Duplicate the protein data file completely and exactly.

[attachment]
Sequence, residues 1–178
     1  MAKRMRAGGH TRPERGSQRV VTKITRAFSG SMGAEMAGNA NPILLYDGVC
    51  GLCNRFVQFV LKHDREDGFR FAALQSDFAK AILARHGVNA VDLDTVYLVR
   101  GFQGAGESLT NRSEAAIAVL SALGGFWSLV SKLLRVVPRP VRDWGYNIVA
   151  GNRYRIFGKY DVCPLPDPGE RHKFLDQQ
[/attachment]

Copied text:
Sequence, residues 1–178
     1  MAKRMRAGGH TRPERGSQRV VTKITRAFSG SMGAEMAGNA NPILLYDGVC
    51  GLCNRFVQFV LKHDREDGFR FAALQSDFAK AILARHGVNA VDLDTVYLVR
   101  GFQGAGESLT NRSEAAIAVL SALGGFWSLV SKLLRVVPRP VRDWGYNIVA
   151  GNRYRIFGKY DVCPLPDPGE RHKFLDQQ